Composition and Properties of Bitumen
Composition of Bitumen
Materials in bituminous family are:
Coal tar is a brown or dark black liquid of high viscosity, which smells of naphthalene and aromatic hdydrocarbons. Being flammable, coal tar is sometime used for heating or to fire boilers. It can be used in coal tar soap, and is used in medicated shampoo to kill and repel head lice, and as a treatment for dandruff.
Depending upon its source of origin, TAR is classified as:
It is the liquid by-product of the distillation of coal to make coke. The gaseous by-product of this process is commonly known as town gas. It is used for coating of wooden poles and sleepers, iron poles.
3) Wood Tar:
See also: Construction Wood Properties
It is obtained by the distillation of resinous wood. Wood tar contains creosote and as such has strong preservative properties. Search for "resin" in the above search box.
4) Mineral Tar:
It is obtained by the distillation of bituminous shale.
5) Coal Tar Pitch:
It is the residue of the direct distillation of crude tar produced by the high temperature carbonization of coal. It is used as a water proofing compound in masonry, steel and timber structure. It is also used for water proofing concrete structures.
Chemical Composition of Bitumen:
Molecular weight wise, bitumen is a mixture of about 300 - 2000 chemical components, with an average of around 500 - 700. Elementally, it is around 95% carbon and hydrogen (± 87% carbon and ± 8% hydrogen), and up to 5% sulfur, 1% nitrogen, 1% oxygen and 2000ppm metals. Bitumens are composed mainly of highly condensed polycyclic aromatic hydrocarbons. They also contain several elements, a number of which are toxic.
Chemical Components in bitumen are:
- Resinous components (polar aromatics)
- Non-polar aromatics (naphtene aromatics) and
See also: Applications of Bitumen
Adhesion: Bitumen has the ability to adhere to a solid surface in a fluid state depending on the nature of the surface. The presence of water on the surface will prevent adhesion.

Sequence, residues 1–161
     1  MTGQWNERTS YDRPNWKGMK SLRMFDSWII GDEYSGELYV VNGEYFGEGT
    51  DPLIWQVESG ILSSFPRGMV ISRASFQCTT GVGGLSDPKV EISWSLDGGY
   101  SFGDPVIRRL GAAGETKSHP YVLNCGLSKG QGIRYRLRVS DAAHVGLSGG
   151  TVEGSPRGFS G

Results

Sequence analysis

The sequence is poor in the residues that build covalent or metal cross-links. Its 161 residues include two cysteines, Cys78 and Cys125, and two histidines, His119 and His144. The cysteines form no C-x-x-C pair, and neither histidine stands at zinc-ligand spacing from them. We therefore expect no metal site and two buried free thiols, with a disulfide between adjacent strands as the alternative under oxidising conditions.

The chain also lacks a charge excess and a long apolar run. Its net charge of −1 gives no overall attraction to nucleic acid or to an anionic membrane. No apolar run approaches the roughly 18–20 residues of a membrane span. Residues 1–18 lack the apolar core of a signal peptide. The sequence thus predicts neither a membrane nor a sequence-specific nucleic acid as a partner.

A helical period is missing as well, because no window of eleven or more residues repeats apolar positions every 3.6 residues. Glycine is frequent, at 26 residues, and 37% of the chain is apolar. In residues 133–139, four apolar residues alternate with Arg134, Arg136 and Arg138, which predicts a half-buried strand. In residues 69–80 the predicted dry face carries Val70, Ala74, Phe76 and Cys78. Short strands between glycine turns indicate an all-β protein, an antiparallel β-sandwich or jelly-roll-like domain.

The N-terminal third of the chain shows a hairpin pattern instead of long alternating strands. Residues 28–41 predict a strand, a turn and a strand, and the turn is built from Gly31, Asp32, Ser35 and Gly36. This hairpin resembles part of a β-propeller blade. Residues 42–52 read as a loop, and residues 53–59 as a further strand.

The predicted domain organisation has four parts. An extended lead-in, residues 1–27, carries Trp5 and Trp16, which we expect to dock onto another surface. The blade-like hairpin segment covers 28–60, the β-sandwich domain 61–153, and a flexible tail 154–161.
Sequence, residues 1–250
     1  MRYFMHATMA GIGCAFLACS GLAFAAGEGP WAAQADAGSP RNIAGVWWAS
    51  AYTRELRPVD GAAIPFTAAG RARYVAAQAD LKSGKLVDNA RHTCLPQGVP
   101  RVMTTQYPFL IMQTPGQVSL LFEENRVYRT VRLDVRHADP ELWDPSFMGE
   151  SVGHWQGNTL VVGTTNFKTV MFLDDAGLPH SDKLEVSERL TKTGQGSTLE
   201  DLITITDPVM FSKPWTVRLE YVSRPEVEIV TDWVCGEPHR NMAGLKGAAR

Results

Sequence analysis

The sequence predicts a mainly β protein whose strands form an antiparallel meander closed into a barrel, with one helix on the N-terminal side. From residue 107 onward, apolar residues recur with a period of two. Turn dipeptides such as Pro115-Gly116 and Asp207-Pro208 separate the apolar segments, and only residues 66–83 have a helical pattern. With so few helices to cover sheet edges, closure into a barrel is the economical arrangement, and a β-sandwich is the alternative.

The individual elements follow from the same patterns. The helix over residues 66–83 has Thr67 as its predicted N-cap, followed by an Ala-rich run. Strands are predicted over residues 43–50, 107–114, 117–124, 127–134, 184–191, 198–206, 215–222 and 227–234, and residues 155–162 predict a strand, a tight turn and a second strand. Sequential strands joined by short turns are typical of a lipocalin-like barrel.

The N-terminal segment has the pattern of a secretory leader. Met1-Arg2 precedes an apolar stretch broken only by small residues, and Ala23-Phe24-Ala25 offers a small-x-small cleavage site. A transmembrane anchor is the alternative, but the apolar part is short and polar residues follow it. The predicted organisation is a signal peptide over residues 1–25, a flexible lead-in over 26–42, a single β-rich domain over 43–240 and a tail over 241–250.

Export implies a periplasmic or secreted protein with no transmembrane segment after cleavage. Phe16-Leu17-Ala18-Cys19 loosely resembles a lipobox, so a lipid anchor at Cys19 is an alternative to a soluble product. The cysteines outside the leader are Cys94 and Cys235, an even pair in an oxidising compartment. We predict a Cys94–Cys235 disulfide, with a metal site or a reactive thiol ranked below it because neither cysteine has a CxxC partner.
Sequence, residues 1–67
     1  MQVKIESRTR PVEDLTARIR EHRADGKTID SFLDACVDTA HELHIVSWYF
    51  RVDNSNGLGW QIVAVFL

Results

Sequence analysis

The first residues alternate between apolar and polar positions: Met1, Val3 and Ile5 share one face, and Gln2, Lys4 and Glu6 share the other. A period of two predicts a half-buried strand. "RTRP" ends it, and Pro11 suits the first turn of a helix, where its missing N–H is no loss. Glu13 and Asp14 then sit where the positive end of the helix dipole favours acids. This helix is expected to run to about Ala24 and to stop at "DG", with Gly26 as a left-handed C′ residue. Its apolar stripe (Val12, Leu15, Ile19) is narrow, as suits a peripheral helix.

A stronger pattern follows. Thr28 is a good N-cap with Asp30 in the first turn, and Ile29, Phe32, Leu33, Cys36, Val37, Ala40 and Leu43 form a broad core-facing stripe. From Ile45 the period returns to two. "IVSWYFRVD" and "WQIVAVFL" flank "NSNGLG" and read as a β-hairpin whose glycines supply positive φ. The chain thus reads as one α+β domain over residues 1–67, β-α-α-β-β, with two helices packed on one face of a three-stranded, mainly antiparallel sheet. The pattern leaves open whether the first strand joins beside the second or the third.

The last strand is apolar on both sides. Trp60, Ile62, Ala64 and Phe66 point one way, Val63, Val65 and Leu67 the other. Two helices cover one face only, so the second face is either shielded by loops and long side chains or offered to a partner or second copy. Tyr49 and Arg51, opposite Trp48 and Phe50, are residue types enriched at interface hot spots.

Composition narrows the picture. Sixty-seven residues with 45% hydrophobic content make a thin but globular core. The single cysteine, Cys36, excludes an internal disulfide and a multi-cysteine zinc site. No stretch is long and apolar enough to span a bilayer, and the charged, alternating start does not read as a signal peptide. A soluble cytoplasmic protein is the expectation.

Resistance to Water: Bitumen is water resistant. Under some conditions water may be absorbed by minute quantities of inorganic salts in the bitumen or filler in it.
Hardness: To measure the hardness of bitumen, the penetration test is conducted, which measures the depth of penetration in tenths of mm. of a weighted needle in bitumen after a given time, at a known temperature.
Commonly a weight of 100 gm is applied for 5 sec at a temperature of 77 °F. The penetration is a measure of hardness. Typical results are 10 for hard coating asphalt, 15 to 40 for roofing asphalt and up to 100 or more for water proofing bitumen.
Viscosity and Flow: The viscous or flow properties of bitumen are of importance both at high temperature during processing and application and at low temperature to which bitumen is subjected during service. The flow properties of bitumens vary considerably with temperature and stress conditions. Deterioration, or loss of the desirable properties of bitumen, takes the form of hardening. Resultantly, decrease in adhesive and flow properties and an increase in the softening point temperature and coefficient of thermal expansion.
Various Lab Tests on Bitumen
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|Introduction to Bitumen||Applications of Bitumen|
|Composition of Bitumen||Tests on Bitumen|
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